Apoptosis is programmed cell death, the body's normal method of disposing of damaged, unwanted, or unneeded cells.
One way to tackle cancer, the second-leading cause of death in the United States, is to target oncogenes -- genes that have the potential to cause cancer.
The Jan. 17 issue of the Journal of the American Medical Association features an important study about sepsis with an accompanying editorial by a University of Nebraska Medical Center expert.
The white blood cells are potent fighters that protect the body against foreign invaders, including pathogens and cancer cells. Scientists have found that the presence of B cells, which are powerhouses, in tumor cells, combat the disease from within.
University of California San Diego School of Medicine researchers have identified the molecular mechanism activated by the presence of tetrahydrocannabinol (THC) - the ingredient that causes people to feel the euphoria or "high" associated with cannabis - in the bloodstream that accelerates cancer growth in patients with human papillomavirus (HPV)-positive head and neck squamous cell carcinoma.
Dying cells in the body can keep the immune system in check, thus preventing unwanted immune responses against the body's own tissues.
A new study has shown that regular use of aspirin may protect against heart disease, reduce colorectal tumor growth and prevent relapse.
The protein, called syndecan-4, combines with fellow cell membrane proteins, called integrins, to form protruding 'hands' that sense the environment outside the cell.
The benefits of a daily aspirin may extend beyond heart health to colorectal cancer treatment, say City of Hope researchers who have found aspirin appears to reduce tumor growth and inhibit recurrence of the disease.
Certain bacteria can override a defense mechanism of the immune system, so called programmed cell death, through inhibition of death effector molecules by their outer membranes components.
Scientists at St. Jude Children's Research Hospital have discovered a new way that the molecule RIPK1 leads to cell death in infected, damaged or unwanted cells showing that more than one mechanism can trigger the process.
The p53 gene, which researchers had thought was less relevant in kidney cancer, may play an important role after all – a discovery that could lead to new treatments.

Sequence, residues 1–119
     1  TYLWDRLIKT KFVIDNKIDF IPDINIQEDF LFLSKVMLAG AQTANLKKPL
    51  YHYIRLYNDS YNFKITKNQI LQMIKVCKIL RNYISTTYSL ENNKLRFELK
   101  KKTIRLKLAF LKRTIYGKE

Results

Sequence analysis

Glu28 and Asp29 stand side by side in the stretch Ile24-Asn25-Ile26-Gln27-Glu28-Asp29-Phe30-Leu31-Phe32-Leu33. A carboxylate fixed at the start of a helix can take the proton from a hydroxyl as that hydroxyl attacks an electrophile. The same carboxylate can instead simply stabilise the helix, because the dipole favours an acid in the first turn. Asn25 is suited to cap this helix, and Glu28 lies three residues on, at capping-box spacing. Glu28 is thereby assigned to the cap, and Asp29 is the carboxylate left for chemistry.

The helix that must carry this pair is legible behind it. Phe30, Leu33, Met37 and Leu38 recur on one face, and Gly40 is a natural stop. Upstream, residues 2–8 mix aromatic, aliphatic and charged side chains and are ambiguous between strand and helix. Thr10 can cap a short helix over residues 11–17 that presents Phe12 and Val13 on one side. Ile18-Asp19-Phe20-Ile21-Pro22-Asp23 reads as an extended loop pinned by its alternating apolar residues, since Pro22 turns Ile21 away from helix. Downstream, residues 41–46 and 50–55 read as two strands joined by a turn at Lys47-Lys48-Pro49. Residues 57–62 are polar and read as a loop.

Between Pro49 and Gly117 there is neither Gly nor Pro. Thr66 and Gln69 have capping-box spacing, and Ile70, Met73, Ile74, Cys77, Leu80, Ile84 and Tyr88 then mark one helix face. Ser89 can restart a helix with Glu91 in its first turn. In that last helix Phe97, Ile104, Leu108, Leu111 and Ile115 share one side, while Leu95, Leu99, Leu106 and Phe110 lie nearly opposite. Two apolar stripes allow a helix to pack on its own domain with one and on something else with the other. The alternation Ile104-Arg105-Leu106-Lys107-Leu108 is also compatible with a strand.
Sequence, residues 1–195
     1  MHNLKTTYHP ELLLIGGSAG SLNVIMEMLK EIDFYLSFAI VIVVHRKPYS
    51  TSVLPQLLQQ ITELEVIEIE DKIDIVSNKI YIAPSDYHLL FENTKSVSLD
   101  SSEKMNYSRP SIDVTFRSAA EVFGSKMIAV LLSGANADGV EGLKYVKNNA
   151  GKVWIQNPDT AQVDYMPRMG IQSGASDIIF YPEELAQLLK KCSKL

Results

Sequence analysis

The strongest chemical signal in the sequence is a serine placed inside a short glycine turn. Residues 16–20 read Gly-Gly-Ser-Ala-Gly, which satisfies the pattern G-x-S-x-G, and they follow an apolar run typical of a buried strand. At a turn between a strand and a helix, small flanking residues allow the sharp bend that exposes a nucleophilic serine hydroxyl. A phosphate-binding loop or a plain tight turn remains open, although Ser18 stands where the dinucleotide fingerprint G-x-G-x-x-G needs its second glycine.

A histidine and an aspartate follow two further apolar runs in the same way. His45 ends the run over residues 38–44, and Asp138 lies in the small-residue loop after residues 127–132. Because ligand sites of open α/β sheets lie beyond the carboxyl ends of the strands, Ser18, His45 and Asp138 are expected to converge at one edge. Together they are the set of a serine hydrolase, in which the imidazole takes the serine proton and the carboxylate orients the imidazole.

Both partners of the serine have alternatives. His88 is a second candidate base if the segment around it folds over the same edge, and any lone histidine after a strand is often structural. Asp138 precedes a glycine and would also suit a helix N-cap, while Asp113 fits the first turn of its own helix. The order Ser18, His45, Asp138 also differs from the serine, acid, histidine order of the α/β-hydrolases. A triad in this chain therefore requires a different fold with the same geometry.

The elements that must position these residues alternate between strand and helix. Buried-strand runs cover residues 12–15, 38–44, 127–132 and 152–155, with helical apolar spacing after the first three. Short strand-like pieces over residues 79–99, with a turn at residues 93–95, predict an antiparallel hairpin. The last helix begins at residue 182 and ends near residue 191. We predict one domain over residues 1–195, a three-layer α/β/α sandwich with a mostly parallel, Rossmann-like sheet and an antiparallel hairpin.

In laboratory experiments, a metabolic inhibitor was able to kill a variety of human cancer cells of the skin, breast, lung, cervix and soft tissues through a non-apoptotic route -- catastrophic macropinocytosis.
Investigators at Rutgers Cancer Institute of New Jersey have found that a treatment based on a novel cellular product programmed to deliver an overabundance of chimeric antigen receptor causes cell death in non-Hodgkin lymphoma models that are sensitive or resistant to standard therapies.
Every cell contains a vast number of proteins, each of which has a specific function, for example as a receptor for another molecule or an enzyme that catalyzes chemical reactions.
Colon cancer cells deficient in p53, one of the most important control proteins in cell growth, activate a particular metabolic pathway to adapt to the lack of oxygen and nutrients inside the tumor. Statins, which are often prescribed to lower cholesterol, block this metabolic pathway and cause the cancer cells to die, as scientists from the German Cancer Research Center have now discovered.
The cover for issue 63 of Oncotarget features Figure 6, "Inverse relationship between ETV7 and SERPINE1 in OSCC," by Salameti, et al.
Apoptosis is a form of “cell suicide”, where a cell self-terminates, ideally as planned or programmed, enabling multi-cellular organisms to continue to live, develop and thrive.
All neurodegenerative diseases have a common thread: the appearance of protein clumps in the brain such as amyloid-beta plaques in Alzheimer's disease and alpha synuclein aggregates in Parkinson's.
The growing trend of implementing immunotherapy into oncology has resulted in various new therapeutic cancer treatments utilizing antibodies.
Abnormal scarring is a serious threat resulting in non-healing chronic wounds or fibrosis. Scars form when fibroblasts, a type of cell of connective tissue, reach wounded skin and deposit plugs of extracellular matrix.